On Sunday I spoke at the inaugural conference of Open Hillel, a new student organization that, as the name implies, wants to open Hillel—which oversees Jewish life on America’s college campuses—to a broader debate about Israel. It was an invigorating experience, and a strange one. When it comes to Israel, I’m not used to being among the most hawkish people in the room.
Open Hillel has no political agenda beyond facilitating a more open discussion about Israel inside the American Jewish community. So why did the conversation—at least the part I witnessed—have such an anti-Zionist feel?
The first reason is generational. For the most part, older American Jews don’t question Zionism, even if they don’t like Israel’s policies, because they don’t question the need for a Jewish state of refuge. Generationally, they are close enough to the Holocaust, to the Soviet and Ethiopian emigrations of the 1980s and '90s, and to personal experiences of anti-Semitism in the United States, to believe that Diaspora Jewish life can be fragile. They may not be able to imagine moving to Israel themselves, but they sleep better knowing it’s there.
For younger American Jews, it’s different. They’ve never seen any significant group of Jews fleeing to Israel to avoid state-sponsored anti-Semitic persecution. And they’ve faced no barriers as a result of being Jewish in the United States. So the Zionism of refuge strikes no chord. As a result, when they grow alienated from Israeli policy—as many of the students at the conference clearly were—they’re more likely to question the entire basis for the state. Unlike their parents, they don’t distinguish between what Israel does and what Israel is.
The second reason the conference leaned so far left is because of Gaza. Among American Jews, this summer’s war was an equal opportunity radicalizer. It pushed hawkish Jews further right and dovish Jews further left. J Street, which opposes Israeli settlement policy but seeks acceptance within the American Jewish mainstream, largely sat the war out. That proved a boon for the pro-Boycott, Divestment and Sanctions (BDS) group, Jewish Voices for Peace, whose ranks were swelled by American Jews alienated by the war. According to executive director Rebecca Vilkomerson, JVP has added 25 new chapters and 60,000 new online supporters since mid-June. That newfound strength was on display at Open Hillel.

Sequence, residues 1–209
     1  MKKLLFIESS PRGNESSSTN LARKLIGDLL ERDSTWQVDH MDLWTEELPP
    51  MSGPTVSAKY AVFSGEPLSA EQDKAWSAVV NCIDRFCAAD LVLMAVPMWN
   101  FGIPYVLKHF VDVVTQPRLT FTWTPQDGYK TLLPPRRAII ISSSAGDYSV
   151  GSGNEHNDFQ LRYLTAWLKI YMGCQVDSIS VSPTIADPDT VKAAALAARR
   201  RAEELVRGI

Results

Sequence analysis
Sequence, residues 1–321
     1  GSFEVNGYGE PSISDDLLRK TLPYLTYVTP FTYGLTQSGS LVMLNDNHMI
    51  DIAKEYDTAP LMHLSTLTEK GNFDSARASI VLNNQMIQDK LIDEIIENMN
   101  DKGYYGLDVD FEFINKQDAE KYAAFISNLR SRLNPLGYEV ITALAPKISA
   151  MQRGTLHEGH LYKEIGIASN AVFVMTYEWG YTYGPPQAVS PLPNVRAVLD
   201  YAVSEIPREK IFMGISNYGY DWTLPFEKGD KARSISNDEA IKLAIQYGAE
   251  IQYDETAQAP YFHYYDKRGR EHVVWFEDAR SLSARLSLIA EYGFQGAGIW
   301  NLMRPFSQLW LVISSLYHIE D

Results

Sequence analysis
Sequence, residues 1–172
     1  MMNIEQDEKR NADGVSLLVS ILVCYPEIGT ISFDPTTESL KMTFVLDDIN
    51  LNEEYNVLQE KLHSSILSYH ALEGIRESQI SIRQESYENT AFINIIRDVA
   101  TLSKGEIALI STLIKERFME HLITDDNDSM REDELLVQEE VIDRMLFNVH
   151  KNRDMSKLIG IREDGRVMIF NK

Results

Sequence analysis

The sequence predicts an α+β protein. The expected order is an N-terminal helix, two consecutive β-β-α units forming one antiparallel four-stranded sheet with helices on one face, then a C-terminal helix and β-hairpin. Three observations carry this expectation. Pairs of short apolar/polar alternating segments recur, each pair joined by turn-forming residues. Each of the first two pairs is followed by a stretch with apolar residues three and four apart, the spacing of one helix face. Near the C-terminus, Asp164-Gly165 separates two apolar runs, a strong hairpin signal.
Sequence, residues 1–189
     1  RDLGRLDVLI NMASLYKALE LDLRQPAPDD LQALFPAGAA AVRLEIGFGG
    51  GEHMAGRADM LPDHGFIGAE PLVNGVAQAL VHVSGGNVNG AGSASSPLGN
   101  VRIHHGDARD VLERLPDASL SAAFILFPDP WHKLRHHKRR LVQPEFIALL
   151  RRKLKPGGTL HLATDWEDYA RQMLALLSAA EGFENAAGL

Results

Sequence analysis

But the third reason the conference leaned so far left is the simplest: No one from the right showed up. Conference organizers say that, among others, they invited representatives from AIPAC, Stand With Us, the David Project, Combined Jewish Philanthropies of Boston and, of course, Hillel International—but none came. They almost never do. For years, the American Jewish establishment has dealt with Jews who cross its ideological red lines by either ignoring or vilifying them—but almost never publicly talking to them. To do so, they claim, would legitimize fundamentally illegitimate views.
That decision is growing ever more self-defeating. The young American Jews at Open Hillel who are flirting with anti-Zionism are not anti-Semites. (Although, of course, some anti-Zionists are). They are merely doing what young people always do: Challenging settled assumptions based on a different life experience. They don’t need the American Jewish establishment’s legitimization; that establishment is illegitimate to them. What they need, in the best Jewish tradition, is to be argued with.
But I’m not sure the American Jewish establishment knows how. For years, mainstream American Jewish groups have short-circuited discussions about Zionism by accusing its critics of anti-Semitism. They’ve grown so dependent on that rhetorical crutch that they rarely publicly grapple with how Zionism - a movement that privileges one ethnic and religious group - can be reconciled with the pledge in Israel’s declaration of independence to offer “complete equality of social and political rights irrespective of race, religion or sex.” Unlike some at Open Hillel, I don’t believe this tension requires abandoning Zionism or the belief in a democratic Jewish state alongside a Palestinian one. But the students I met on Sunday are asking hard, important questions, and they deserve a communal leadership that responds with ideas rather than silence or slurs.
They, after all, are the ones who still care enough to ask.
An earlier version of this article called Jewish Voices for Peace "anti-Zionist." Although viewed that way by some, the group takes no official position on Zionism.
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